mass loss rate
nerx-e dastraft-e jerm
Fr.: taux de perte de masse
The rate with which the → mass loss process takes place, usually expressed in → solar mass per year. → radiation-driven mass loss. The mass loss rate and the → terminal velocity are anti-correlated, since the → wind momentum is constant, → bi-stability jump.
lâvak-e šahâbsang, kandâl-e ~, ~ âsmânsang
Fr.: Meteor Crater
A → meteorite impact crater located about 55 km east of Flagstaff, near Winslow in the northern Arizona desert of the United States. Meteor Crater is about 1,200 m in diameter and some 170 m deep. It is thought to have formed between 20,000 to 50,000 years ago, by the impact of a small → asteroid about 25 m in diameter. Same as → Barringer Crater.
Fr.: émigrer, immigrer
1) To go from one country, region, or place to another.
From L. migratus p.p. of migrare "to move from one place to another," ultimately from PIE *meigh- "to move, go;" cf. Gk. ameibein "to change," Iranian muž-, as below.
Mužidan, ultimately from Proto-Ir. *maij- "to move (to places);" cf. Parachi muž-, muš-, Yazghulami mûž- "to go," mexw-/maxwt- "to move, shake," Gilaki maxtan "to stroll," Gonâbâdi mejon "ague, shivering, shaking chills," Sangesari moj; cognate with L. migrare "to move, go," as below, Skt. niméghanāna- "moving down;" PIE *meigh- "to move, go."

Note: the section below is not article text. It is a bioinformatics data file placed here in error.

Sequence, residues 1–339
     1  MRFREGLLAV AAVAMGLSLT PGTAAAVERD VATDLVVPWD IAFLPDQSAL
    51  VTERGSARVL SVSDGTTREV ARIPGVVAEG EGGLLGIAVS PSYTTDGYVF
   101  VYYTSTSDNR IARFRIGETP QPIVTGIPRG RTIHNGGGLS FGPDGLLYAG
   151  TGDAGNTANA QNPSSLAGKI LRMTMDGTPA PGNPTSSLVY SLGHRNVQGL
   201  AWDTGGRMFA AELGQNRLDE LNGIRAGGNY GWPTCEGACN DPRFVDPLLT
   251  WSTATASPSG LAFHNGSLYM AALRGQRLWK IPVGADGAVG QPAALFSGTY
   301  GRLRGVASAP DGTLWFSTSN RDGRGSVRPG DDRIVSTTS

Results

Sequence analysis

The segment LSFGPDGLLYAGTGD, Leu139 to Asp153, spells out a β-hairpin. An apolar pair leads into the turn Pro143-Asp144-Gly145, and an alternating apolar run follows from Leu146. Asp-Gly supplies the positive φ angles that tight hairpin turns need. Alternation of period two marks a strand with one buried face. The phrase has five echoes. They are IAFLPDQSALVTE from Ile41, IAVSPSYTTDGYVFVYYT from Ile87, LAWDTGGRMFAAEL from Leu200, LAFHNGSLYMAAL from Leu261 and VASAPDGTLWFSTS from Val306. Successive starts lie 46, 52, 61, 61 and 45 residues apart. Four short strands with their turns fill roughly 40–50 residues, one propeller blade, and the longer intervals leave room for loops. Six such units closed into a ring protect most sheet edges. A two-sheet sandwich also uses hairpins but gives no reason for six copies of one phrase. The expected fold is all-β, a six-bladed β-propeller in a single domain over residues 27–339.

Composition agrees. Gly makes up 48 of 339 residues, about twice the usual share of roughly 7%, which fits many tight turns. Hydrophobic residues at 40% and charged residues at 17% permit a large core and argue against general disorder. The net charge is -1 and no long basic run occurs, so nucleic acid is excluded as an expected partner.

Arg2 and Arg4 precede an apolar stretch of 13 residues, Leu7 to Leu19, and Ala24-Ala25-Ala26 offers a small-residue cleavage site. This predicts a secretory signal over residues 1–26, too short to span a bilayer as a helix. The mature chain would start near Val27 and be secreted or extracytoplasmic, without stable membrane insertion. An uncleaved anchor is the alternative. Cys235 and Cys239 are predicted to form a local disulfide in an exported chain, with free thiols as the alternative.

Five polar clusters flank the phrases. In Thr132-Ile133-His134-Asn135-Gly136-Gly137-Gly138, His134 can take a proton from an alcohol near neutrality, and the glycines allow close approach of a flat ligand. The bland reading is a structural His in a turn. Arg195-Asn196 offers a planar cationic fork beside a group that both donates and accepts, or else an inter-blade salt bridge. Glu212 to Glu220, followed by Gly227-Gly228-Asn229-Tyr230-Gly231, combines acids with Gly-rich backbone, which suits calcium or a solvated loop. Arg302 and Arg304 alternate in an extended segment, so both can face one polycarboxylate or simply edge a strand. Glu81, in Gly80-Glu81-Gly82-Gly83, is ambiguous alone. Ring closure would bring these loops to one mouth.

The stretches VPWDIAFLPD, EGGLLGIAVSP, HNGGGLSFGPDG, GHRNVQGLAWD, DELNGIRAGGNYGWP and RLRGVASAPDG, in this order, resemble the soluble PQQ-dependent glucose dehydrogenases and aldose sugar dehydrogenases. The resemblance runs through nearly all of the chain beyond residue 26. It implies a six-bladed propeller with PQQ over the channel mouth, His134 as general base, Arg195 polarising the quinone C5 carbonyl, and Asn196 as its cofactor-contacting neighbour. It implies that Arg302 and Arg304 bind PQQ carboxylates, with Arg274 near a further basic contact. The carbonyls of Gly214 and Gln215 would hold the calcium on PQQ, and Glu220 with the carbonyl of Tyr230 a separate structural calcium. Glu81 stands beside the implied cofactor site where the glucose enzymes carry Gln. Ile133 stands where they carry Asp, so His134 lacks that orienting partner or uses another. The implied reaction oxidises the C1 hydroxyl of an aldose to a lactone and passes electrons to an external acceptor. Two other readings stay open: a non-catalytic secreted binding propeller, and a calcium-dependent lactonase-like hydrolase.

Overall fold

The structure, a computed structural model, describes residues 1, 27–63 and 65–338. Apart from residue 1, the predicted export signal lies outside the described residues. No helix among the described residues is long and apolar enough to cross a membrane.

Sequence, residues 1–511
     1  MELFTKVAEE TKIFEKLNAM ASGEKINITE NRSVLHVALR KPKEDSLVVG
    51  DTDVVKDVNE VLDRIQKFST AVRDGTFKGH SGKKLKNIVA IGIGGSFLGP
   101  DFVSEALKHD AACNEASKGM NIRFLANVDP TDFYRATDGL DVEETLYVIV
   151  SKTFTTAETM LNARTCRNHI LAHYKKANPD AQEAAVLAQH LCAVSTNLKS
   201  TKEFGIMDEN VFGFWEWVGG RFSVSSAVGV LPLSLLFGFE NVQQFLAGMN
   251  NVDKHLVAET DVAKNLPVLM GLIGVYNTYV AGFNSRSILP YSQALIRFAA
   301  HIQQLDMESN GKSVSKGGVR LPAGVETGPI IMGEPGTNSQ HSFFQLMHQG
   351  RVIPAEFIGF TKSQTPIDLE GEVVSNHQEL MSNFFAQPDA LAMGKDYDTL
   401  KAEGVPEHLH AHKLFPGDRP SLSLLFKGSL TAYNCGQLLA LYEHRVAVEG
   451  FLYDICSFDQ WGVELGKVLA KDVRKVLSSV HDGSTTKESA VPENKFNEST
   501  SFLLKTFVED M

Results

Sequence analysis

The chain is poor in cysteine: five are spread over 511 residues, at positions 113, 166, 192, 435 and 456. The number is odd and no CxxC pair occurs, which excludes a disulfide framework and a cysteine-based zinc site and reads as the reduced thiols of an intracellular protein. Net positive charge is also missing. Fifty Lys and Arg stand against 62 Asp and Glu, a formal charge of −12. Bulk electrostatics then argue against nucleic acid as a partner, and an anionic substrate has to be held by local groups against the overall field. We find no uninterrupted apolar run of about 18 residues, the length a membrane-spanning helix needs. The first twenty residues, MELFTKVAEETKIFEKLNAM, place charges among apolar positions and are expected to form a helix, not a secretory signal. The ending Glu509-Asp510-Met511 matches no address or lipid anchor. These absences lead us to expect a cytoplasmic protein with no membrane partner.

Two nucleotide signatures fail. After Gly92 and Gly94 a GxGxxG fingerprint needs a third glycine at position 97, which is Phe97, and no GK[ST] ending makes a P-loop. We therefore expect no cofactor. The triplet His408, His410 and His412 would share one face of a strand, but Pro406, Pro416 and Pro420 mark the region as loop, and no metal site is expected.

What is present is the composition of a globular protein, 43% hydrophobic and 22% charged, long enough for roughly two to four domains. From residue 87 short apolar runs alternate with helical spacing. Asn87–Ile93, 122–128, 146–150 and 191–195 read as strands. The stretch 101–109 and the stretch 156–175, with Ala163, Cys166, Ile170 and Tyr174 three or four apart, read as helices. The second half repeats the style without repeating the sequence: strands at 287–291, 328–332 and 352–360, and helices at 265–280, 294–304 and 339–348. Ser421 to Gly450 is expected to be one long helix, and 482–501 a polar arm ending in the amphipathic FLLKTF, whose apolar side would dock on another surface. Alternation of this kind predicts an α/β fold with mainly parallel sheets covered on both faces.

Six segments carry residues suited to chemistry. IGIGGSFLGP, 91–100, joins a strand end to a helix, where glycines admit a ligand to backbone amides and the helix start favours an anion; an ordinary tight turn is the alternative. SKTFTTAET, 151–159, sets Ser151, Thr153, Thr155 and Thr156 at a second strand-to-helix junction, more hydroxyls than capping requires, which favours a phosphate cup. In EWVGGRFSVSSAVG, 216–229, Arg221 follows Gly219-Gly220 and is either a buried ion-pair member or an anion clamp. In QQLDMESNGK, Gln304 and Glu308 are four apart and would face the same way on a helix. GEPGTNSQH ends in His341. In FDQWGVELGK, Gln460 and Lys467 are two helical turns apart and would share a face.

To function or work; to make something function or work.
From L. operari "to work, labor," L. opus "a work, labor, exertion," Av. *āpah-, *apah- "to do, operate," see below, Skt. ápas- "work, action, religious act;" O.H.G. uoben "to start work, to practice, to honor;" Ger. üben "to exercise, practice;" Du. oefenen; O.E. æfnan "to perform, work, do," afol "power"); PIE base *op- "to work, perform."
Âpâridan, from âpâr-, from Av. *āp(ah)- "to do, operate," as above, + suffix -ar (as in vadar- "weapon," zafar- "jaw," baēvar- "thousand," and so on), shifted to -âr, + -idan suffix of infinitives. The Av. *āpah- "to do, operate," is extant in Mod.Pers. xub "good;" Mid.Pers. hwp, xub "good;" from Av. huuāpah- "doing good work, masterly," from huu-, hv- "good" → eu- + āpah- "work, deed," hauuapanha- "creativity;" cf. Skt. sv-ápas- "doing good work, skillful;" PIE base *op-, as above.